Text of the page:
Look at the numbers, and you’d never know that Steven Stamkos slammed into a goal post, that his right leg bent grotesquely, that a surgeon put a rod into his broken bone. You’d never know that he missed out on the Olympics, that one of his best friends demanded a trade, that one of the NHL’s top scorers left his right wing. You’d never know that – less than four months after surgery, in his first game back, in the first game after the Martin St-Louis deal, just in time for the stretch run – he had the ‘C’ sewn on his sweater, too.
Stamkos has gone through so much this season, and he’s still feeling some pain, still getting up to speed. He is not himself. He won’t be until next season, after a full summer of training. Yet in the 13 games since his return to the Tampa Bay Lightning, he has averaged more than 20 minutes of ice time and produced nine goals and 13 points, and he has started to embrace the role of captain. He is about to play in the playoffs for only the second time in his career.
“It’s remarkable what he’s done,” said coach Jon Cooper.
Stamkos is a remarkable player, obviously. He was the first overall pick in 2008. He has led the NHL in goals twice. At age 24, he has 231 goals and 422 points in 403 games. In his only previous playoff appearance, the Lightning went to the 2011 Eastern Conference final. In Game 7, he took a puck to the face and missed less than six minutes, returning with a thick red streak on the right side of his swollen nose and a full metal cage, only to suffer further as the Boston Bruins won, 1-0. He said later that he learned a lot from that run – what it takes to win – and became more determined to be a complete centerman, not just an elite scorer.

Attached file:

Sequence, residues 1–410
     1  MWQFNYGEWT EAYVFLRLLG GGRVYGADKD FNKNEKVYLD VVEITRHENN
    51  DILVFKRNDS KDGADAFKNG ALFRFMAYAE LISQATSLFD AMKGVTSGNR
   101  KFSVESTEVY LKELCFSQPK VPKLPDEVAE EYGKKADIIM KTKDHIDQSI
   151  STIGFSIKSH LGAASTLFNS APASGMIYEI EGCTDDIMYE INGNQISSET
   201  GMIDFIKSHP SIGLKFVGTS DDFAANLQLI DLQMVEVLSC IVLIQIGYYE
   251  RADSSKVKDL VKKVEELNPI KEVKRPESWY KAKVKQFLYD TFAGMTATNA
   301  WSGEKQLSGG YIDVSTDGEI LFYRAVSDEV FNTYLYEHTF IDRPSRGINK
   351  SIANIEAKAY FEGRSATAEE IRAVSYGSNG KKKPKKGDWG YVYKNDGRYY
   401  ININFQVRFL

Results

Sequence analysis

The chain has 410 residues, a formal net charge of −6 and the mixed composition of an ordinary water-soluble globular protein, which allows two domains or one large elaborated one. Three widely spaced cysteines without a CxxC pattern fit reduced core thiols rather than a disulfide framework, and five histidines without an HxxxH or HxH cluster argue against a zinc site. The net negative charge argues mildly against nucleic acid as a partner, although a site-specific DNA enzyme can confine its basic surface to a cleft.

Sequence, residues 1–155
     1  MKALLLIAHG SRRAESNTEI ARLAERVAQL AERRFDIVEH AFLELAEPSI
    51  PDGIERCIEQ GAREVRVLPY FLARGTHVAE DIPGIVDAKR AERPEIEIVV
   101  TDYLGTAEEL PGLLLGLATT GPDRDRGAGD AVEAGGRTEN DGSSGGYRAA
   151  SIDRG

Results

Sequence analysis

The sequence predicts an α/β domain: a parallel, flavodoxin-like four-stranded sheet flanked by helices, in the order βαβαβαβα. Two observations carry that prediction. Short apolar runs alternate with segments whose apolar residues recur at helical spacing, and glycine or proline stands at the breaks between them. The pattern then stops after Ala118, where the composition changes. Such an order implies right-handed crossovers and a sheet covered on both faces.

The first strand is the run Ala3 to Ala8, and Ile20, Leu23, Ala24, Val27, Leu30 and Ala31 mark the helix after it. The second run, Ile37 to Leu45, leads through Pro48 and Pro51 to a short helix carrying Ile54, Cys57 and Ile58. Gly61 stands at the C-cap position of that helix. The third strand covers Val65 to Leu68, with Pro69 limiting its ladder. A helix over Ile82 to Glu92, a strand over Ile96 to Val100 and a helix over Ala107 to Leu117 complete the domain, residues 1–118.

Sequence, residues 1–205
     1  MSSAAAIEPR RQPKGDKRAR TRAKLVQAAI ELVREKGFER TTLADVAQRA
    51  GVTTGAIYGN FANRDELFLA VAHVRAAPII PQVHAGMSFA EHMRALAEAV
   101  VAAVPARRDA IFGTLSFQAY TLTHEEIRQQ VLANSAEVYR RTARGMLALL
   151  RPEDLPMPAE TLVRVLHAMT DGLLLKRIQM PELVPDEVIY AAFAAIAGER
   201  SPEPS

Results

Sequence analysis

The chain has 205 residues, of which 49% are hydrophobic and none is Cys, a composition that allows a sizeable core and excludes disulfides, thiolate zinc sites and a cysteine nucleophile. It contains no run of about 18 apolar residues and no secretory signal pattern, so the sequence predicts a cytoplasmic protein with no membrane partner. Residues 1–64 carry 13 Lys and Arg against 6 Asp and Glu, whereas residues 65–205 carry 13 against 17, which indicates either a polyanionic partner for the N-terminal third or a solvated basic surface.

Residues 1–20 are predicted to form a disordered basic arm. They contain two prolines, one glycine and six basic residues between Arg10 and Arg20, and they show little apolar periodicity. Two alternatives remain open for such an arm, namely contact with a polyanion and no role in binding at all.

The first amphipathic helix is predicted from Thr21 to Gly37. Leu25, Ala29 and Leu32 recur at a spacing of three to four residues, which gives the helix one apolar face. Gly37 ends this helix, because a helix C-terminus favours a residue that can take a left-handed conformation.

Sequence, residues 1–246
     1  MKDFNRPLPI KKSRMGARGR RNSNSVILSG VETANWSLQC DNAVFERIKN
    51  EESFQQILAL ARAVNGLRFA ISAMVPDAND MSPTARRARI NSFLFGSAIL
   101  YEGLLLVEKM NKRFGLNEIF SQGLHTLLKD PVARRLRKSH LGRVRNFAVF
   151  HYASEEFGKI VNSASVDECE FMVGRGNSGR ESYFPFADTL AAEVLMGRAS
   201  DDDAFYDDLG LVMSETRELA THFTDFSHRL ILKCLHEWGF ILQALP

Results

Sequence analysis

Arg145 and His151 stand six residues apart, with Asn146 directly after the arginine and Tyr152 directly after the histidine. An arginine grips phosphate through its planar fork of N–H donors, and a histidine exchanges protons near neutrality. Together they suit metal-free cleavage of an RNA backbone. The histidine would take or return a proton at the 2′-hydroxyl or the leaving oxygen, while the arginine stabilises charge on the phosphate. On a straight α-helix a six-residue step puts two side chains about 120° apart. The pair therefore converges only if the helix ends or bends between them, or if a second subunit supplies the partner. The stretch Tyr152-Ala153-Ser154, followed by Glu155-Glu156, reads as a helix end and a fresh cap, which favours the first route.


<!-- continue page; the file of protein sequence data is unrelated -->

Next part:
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He felt he had reached a new level through the first 17 games this season. Not only did he have 14 goals and 23 points – tied for the league lead in both categories – he was playing well defensively, and the team was winning. The Lightning, the second-worst team in the East last season, was No. 1 in the conference. Had he stayed healthy, he could have played on Sidney Crosby’s right wing in Sochi and competed with the Pittsburgh Penguins captain for the Hart Trophy as the NHL’s most valuable player.
“Before the injury, anyways, I thought that was probably the best hockey I’ve played at both ends of the rink…being confident, being counted on in all situations, being out there on the penalty kill and the last minute of games,” Stamkos said. “Obviously, it was tough to have an injury happen at that time.”
Stamkos slammed into the goalpost Nov. 11 in Boston. He had surgery the next day. He recovered quickly, pushed by the possibility of playing in Sochi. Lightning general manager Steve Yzerman was Team Canada’s executive director, and he put Stamkos on the roster to hold the spot in case Stamkos could play. But the Olympics were just too much, too soon.
Ironically, it was St-Louis who replaced Stamkos on the roster. St-Louis was already upset with Yzerman for not naming him to Team Canada initially, and he’d had a house in Connecticut and his eyes on the New York Rangers for years. He pushed for a trade, and Yzerman accommodated him at the deadline March 5.
Stamkos returned March 6.